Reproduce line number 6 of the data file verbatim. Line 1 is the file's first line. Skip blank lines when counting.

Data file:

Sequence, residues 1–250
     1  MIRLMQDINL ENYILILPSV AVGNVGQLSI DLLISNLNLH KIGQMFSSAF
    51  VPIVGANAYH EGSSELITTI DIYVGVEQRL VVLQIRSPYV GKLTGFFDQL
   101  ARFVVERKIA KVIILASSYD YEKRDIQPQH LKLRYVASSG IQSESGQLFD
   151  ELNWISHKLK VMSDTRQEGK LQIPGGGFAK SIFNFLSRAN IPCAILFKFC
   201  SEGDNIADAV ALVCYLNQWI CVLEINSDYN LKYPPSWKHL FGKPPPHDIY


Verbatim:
   201  SEGDNIADAV ALVCYLNQWI CVLEINSDYN LKYPPSWKHL FGKPPPHDIY